Euro crisis: “Tis agoreuein bouletai?”

At the Guardian’s Comment is Free, Tim Garton Ash is still a believer in the European Project but, probably, not an optimistic one.  As well as mentioning a familiar quote from Luxembourg’s Prime Minister he makes an important point, as Greece faces a democratic choice, again, that applies to the wider euro crisis.  From the Comment is Free article

Greece’s untold, or only half-told, home truth is that its only alternatives now are bad, worse or worst. Worst is clearly an unplanned, chaotic exit from the euro. That may still happen. If it doesn’t, then Greek voters have a month to work out which they think is bad and which worse: a planned, careful departure from the euro or remaining in on the best terms Hollande can help them squeeze out of Germany.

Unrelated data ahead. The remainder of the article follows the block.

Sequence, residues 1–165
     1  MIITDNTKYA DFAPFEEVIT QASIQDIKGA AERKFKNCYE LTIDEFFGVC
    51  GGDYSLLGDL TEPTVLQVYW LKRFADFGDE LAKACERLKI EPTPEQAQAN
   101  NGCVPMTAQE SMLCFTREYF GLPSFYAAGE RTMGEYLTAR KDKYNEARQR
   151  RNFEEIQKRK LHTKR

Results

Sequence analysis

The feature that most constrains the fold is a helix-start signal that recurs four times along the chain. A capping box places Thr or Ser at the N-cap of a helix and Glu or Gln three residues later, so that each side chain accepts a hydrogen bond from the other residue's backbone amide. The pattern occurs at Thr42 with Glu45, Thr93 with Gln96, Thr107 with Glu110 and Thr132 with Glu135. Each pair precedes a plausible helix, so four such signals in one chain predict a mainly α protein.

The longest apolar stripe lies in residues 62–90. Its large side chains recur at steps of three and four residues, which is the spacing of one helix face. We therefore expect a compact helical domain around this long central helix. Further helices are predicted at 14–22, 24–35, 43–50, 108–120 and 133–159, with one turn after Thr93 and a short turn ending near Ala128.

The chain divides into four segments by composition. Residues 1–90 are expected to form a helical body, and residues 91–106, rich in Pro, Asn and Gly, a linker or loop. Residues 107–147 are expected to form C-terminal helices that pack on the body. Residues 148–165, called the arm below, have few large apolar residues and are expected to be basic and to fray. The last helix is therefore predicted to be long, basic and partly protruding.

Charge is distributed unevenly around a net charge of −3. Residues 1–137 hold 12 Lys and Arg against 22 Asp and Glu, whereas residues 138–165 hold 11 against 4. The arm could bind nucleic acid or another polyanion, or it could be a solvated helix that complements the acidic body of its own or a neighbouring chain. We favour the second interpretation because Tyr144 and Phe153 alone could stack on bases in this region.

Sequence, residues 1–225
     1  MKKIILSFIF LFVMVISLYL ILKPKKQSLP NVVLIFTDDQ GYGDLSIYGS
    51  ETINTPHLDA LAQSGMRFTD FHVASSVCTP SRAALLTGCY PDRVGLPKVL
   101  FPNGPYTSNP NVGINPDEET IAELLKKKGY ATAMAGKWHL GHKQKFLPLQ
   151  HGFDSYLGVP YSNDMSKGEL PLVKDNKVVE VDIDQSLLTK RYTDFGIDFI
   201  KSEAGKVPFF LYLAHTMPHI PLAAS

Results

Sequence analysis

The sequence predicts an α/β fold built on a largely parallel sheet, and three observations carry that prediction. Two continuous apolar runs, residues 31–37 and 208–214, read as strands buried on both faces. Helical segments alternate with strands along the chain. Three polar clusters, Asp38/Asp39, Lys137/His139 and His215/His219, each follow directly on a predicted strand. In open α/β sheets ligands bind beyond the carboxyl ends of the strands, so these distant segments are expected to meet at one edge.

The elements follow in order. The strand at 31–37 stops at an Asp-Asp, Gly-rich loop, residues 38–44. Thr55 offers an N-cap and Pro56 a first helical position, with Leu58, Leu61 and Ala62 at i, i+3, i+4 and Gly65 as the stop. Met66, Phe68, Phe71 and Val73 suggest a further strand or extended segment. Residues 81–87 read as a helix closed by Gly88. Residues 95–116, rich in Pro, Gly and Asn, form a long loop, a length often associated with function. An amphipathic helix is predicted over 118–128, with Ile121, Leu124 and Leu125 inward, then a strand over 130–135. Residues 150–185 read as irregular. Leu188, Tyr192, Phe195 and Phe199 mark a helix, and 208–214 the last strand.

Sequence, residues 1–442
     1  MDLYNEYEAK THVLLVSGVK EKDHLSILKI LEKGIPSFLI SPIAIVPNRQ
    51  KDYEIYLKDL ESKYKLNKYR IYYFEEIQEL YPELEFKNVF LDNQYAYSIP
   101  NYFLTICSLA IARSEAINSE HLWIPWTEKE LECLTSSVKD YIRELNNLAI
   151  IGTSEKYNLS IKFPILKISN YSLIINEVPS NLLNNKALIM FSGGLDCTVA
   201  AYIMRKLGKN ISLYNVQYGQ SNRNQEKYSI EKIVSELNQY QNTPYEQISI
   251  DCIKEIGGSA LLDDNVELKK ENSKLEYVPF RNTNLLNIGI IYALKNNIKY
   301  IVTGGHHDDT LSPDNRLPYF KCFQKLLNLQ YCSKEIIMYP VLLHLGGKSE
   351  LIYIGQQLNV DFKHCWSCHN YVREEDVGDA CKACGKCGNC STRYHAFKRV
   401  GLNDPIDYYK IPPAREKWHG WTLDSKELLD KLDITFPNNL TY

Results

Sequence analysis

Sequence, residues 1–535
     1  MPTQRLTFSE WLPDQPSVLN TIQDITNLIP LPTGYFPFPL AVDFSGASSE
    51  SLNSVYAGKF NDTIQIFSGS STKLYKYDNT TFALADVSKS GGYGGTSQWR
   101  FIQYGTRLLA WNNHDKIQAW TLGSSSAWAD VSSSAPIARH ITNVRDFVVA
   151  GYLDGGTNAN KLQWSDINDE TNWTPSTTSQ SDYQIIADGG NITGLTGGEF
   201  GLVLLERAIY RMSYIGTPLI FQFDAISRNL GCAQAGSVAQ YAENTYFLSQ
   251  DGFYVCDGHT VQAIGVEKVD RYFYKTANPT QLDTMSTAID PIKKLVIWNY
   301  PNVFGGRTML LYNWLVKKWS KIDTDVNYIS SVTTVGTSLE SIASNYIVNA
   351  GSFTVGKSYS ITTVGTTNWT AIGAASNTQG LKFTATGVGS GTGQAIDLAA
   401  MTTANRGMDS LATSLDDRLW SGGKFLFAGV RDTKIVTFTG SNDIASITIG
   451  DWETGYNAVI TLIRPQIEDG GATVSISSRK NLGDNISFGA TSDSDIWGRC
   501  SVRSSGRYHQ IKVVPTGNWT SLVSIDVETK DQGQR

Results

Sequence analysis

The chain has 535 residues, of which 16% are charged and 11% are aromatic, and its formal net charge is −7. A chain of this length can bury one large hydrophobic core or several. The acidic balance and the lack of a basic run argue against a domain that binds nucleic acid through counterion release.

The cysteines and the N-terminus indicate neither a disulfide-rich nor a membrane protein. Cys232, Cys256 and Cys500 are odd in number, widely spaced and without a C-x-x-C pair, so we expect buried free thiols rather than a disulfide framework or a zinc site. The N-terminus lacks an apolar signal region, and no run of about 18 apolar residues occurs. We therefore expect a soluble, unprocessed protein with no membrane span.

I am not ready to join the chorus of commentators confidently urging Greece to jump one way or the other. I simply don’t know which would be better for Greece. I’m not an economist – and, by the way, the economists don’t know either. I’m also not ready because I’m not Greek. Democracy means people working out what government and policies are best for them. There is no European demos, therefore no proper EU-wide democracy, so the Greeks have to work out what is good for the Greeks. [added emphasis]

Well, economics is more art than science…  [And that’s why, when it becomes serious, you have to lie. – Ed]  Possibly…  There’s also a response there to Wolfgang Schäuble’s riposte to Portillo.

One caveat I would add, though.  Whilst Greece might be considered the birthplace of democracy, they have a somewhat fractured relationship with the modern version of that idea…

And, for believers in the European Project, there’s still “the political trilemma” to address.

But what to do when if even “the Borg” have failed?